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What is the difference between fluid and liquid?

I'm thinking of this in the context of drink plenty of fluids.

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6 Answers

up vote 9 down vote accepted

A fluid can either be a liquid or a gas; as such, fluid is a hypernym of liquid in this regard. In your example

Drink plenty of fluids

it's only idiomatic to use fluids instead of liquids. (I wonder what else could be drunk besides a liquid/fluid, anyway!) You also hear things like:

Your body needs lots of fluids

In day-to-day usage, one will find liquid only used when the state of matter of a substance is in question or important to note. For example:

"How's the brownie mix looking?" "It's still basically liquid!"

When ice-cream is involved, melted is more likely to be used instead of liquid. One may also find liquid used in a financial context:

They think I'm liquid but, man, I'm flat broke!

Fluid just sounds smoother and it rolls off the tongue much easier. That probably explains why it's more commonly used in place of liquid. People would probably use gas if they wanted to be specific. Here are some common idiomatic phrases:

  • body fluids
  • engine fluid
  • transmission fluid
  • poisonous liquid
  • hot liquid
  • toxic fluid[s]
  • liquid coolant
  • cooling fluid

From the above examples, you may notice that fluid tends to be used for a liquid substance that has a specified/particular purpose. Thus, transmission liquid would be unidiomatic, for instance.

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A fluid can even be a powder if it is fine enough to be thought of as something that flows like a liquid would for the purposes under discussion. –  Phil Whittington Feb 28 '12 at 0:40
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Fluid describes a substance that has no fixed shape and changes shape freely based on outside influences. It can describe two states of matter: gas and liquid. To think of it another way, a liquid is a fluid, but a fluid is not necessarily a liquid.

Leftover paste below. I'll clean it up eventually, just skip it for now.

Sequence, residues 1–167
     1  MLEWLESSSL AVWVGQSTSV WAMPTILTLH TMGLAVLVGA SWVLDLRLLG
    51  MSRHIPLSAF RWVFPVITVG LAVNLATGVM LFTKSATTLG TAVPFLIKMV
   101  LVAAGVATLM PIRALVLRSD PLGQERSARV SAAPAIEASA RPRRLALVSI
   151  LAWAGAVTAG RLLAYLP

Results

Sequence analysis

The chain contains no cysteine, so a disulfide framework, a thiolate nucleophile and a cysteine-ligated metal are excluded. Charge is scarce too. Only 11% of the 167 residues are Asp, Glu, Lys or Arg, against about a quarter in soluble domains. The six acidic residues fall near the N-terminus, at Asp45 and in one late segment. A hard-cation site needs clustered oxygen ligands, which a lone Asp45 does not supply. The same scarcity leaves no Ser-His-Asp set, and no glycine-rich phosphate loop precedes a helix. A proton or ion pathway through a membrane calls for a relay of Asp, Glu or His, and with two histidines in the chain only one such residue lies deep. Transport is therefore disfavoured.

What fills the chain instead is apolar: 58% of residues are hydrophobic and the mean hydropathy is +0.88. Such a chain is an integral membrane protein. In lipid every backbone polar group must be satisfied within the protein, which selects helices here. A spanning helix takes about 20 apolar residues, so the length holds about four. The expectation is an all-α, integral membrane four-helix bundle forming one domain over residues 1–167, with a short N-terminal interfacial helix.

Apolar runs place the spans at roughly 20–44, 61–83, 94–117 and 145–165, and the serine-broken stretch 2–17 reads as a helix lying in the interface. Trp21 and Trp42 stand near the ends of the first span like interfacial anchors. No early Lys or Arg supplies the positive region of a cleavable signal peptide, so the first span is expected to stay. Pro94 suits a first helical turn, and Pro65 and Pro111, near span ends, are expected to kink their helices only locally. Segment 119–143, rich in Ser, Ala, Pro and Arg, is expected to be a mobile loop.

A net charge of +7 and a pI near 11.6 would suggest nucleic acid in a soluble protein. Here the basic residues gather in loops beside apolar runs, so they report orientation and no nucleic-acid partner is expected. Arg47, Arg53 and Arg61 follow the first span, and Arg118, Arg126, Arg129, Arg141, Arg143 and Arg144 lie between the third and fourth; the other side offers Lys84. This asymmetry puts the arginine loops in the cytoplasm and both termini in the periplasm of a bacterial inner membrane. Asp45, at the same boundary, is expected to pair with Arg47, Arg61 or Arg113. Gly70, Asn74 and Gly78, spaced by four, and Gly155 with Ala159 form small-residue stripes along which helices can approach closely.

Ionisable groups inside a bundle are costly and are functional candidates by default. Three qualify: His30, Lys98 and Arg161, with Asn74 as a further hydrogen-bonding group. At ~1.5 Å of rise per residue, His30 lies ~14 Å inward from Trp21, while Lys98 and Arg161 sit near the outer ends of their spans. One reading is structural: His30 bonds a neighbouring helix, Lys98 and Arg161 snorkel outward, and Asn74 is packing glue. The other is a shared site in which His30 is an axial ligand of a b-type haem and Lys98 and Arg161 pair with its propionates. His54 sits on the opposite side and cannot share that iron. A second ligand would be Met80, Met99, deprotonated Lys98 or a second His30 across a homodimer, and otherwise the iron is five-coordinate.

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A liquid is a state of matter in which the molecules move freely but tend not to separate; e.g. water at room temperature. A fluid is simply something that flows, be it gas, or liquid.

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In general usage, "liquid" and "fluid" are synonyms.

In a scientific context they are not.

"Liquid" is a state of matter: solid, liquid, gas, plasma, Bose-Einstein condensate

"Fluid" describes certain properties generally attributed to substances in a liquid state

From Wikipedia

Fluids display such properties as:
* not resisting deformation, or resisting it only lightly (viscosity), and
* the ability to flow (also described as the ability to take on the shape of the container).

The degree of fluidity depends on the substance and the prevailing conditions (e.g. temperature and pressure).

Consider water, motor oil and maple syrup. At room temperature, they are all liquids. As the temperature drops, all three liquids get denser and flow more slowly.

At 32° F / 0° C water becomes a solid (ice) and no longer flows. Motor oil and maple syrup continue to flow, but the syrup flows more slowly.

In general usage it has become "less fluid".

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As a noun, Merriam-Webster's explicitly defines liquid as "a fluid."

a fluid (as water) that has no independent shape but has a definite volume and does not expand indefinitely and that is only slightly compressible

Unless you are writing in a scientific or explicitly academic context, I'd say the two are interchangeable. Note that as adjectives, they do have slightly different meanings.

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liquid: existing as or having characteristics of a liquid; especially tending to flow

fluid: subject to change; variable

Additionally, liquid is a state of matter. Not all liquids can be consumed.

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